Outside of foreign investment, rock-bottom interest rates have also driven home purchasing activity in Canada by increasing the availability and affordability of mortgage financing. Lower interest rates make it easier to treat homes like a commodity and increases the appeal of ‘flipping’ houses for profit. This sort of scenario represents a significant risk to the Canadian economy moving forward, as a volatile change in interest rates or nation-wide employment may cause a drastic decrease in both demand and affordability of mortgage financing. In conjunction, mortgages represent a form of leverage, and as in the investment world, higher levels of leverage tend to accentuate volatile markets. Mortgage liabilities, as a share of total household credit, accounted for 65.5% of all personal debt in the first quarter of 2016, reaching levels last seen in 1997.3 This increase in mortgage debt extends the trend of consecutive quarter-over-quarter increases that began in the first quarter of 2010.[3]  Canadian household debt in general is also at an all-time high, with the debt to disposable income ratio rising to 165.3% in 2016, historical values can be seen in Exhibit 3.[4] This is in comparison to the US where debt to disposable income is only at 113%.[5] Exhibit 4 shows the discrepancy between the Canadian and US housing market. This record level of Canadian household debt creates a major area of concern in terms of a housing correction. The Bank of Canada found that housing corrections can be very dangerous, as their research found that a 15% price correction could leave up to 13% of Canadians with a mortgage worth more than their house.[6]  Knowing that household debt is at a record high, this statistic represents a conservative scenario. The likelihood of mortgage defaults has the potential to cost Canadian banks up to $12 billion.[7]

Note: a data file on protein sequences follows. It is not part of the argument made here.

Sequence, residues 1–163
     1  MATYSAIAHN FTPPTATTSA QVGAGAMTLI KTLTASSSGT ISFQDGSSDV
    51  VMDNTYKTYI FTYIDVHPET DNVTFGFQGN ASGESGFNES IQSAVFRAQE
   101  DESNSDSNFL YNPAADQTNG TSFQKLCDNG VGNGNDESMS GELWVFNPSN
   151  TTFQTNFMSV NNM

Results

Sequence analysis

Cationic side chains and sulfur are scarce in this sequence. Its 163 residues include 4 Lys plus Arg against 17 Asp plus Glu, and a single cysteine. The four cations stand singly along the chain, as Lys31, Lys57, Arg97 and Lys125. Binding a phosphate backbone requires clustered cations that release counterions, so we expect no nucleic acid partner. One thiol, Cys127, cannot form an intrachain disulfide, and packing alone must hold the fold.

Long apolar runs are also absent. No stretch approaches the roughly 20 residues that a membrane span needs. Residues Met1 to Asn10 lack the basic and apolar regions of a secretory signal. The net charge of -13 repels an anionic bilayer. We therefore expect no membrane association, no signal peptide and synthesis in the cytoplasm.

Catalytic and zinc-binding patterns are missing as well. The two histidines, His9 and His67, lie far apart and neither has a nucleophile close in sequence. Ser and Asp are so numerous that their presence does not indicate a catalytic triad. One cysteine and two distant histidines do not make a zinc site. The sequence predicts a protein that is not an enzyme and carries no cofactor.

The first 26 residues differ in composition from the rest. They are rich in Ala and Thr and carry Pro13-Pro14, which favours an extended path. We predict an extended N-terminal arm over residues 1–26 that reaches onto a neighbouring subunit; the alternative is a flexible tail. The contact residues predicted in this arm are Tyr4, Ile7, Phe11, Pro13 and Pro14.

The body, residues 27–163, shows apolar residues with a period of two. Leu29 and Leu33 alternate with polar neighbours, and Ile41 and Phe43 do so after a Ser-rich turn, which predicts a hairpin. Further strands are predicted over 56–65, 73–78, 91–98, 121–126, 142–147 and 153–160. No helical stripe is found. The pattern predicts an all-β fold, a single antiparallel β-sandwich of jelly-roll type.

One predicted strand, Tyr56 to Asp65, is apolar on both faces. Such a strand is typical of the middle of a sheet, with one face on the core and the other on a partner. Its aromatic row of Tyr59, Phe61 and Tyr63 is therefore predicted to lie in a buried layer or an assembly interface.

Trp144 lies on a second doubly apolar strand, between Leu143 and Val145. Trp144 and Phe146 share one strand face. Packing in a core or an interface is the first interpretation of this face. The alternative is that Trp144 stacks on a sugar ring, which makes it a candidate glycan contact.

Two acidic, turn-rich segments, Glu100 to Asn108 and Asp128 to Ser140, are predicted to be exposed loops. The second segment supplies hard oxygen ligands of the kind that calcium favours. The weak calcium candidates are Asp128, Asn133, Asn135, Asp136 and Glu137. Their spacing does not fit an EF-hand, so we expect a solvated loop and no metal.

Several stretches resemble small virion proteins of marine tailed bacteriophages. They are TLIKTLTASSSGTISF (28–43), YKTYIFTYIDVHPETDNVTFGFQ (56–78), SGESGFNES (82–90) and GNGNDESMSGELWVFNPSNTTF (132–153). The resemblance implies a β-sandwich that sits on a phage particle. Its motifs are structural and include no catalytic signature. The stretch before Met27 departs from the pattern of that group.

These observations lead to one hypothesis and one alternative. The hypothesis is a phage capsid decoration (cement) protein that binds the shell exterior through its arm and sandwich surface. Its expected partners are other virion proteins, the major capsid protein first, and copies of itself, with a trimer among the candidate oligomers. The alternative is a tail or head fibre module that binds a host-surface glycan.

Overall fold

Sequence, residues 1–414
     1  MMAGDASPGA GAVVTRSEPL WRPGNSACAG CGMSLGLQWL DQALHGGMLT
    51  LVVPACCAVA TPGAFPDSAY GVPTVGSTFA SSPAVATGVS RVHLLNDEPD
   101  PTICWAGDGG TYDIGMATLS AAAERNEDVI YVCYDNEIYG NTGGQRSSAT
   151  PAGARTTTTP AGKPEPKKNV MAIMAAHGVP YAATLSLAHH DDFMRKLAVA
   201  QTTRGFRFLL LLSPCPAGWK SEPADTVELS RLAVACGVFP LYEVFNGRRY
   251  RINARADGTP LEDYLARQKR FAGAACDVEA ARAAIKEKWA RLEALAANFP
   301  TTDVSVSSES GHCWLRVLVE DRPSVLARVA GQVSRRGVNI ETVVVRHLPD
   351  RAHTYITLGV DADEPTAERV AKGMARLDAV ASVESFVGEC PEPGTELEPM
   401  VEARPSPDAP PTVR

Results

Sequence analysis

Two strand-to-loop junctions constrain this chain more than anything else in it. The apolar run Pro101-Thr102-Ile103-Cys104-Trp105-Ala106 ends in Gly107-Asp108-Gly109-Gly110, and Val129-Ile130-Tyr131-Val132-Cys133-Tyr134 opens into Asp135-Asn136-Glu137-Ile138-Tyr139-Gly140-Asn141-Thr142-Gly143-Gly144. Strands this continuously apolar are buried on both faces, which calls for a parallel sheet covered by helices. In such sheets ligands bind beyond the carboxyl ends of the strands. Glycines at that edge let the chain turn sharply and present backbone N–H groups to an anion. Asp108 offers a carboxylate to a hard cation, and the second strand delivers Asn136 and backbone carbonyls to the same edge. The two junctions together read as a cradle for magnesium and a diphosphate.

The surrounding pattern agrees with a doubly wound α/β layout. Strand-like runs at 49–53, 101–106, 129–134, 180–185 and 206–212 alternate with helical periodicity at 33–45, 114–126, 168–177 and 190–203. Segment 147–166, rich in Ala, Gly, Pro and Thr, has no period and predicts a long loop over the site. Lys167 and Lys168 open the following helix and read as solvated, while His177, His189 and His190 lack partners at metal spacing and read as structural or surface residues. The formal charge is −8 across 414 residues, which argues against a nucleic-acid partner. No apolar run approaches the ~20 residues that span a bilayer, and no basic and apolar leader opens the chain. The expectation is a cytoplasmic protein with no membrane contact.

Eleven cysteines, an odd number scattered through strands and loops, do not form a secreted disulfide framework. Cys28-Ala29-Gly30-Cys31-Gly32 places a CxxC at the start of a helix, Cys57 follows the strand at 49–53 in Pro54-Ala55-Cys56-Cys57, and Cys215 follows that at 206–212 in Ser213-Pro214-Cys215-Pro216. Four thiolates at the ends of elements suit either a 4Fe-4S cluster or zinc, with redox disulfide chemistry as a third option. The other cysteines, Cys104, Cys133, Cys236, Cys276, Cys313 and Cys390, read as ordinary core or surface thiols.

Exhibit 3:

Exhibit 4:


Source: The Economist, Maclean’s

Lastly, another factor influencing the key real estate markets of Toronto and Vancouver is immigration. National Bank’s chief economist states that the working age population in Toronto and Vancouver is growing 70% faster than the rest of Canada, indicating the higher allure of these locations for incoming immigrants. Some believe this level of immigration and work force growth to be unsustainable, with one major area of concern being transit and infrastructure; for example, the traffic index from Dutch firm TomTom finds Toronto and Vancouver the 1st and 2nd most congested cities in Canada. Besides New York City, the Toronto Region Board of Trade claims that Toronto has the highest average round trip commute time of any North American city. Aside from causing inconvenience, a rate of population growth outstripping the capabilities of infrastructure also has a profound impact on real estate prices. With relatively fewer available locations which are considered easily accessible by public transit, these existing accessible plots of land surge in value, resulting in pockets of highly-valued properties. Cities such as Toronto, who are experiencing a large influx of immigration, need to invest heavily in infrastructure in order to ‘unlock’ accessibility to more areas and proliferate demand away from a small concentrated group of locations.


It is positive to note, then, that the new Liberal budget accounts for $125 billion of increased infrastructure spending over the next ten years. This allocation is roughly double what the Conservative party held for such expenses, and it is expected to improve items such as public transit. Furthermore, these funds will assist in stimulating the economy with additional job growth. Part of this funding includes $3.4 billion in the next year earmarked for public transit, divided between provinces based on ridership. Refer to Exhibit 5 for the allocation of transit funding. In addition to this, Toronto is planning to build eight additional GO stations throughout the city, increasing the number of areas with accessibility to public transit, and decreasing concentration in areas near a pre-existing station. Investing in infrastructure is vitally important, as consultancy Vital Sign’s report found that that approximately $6 billion is lost in productivity every year,  due to Toronto residents being stuck in traffic.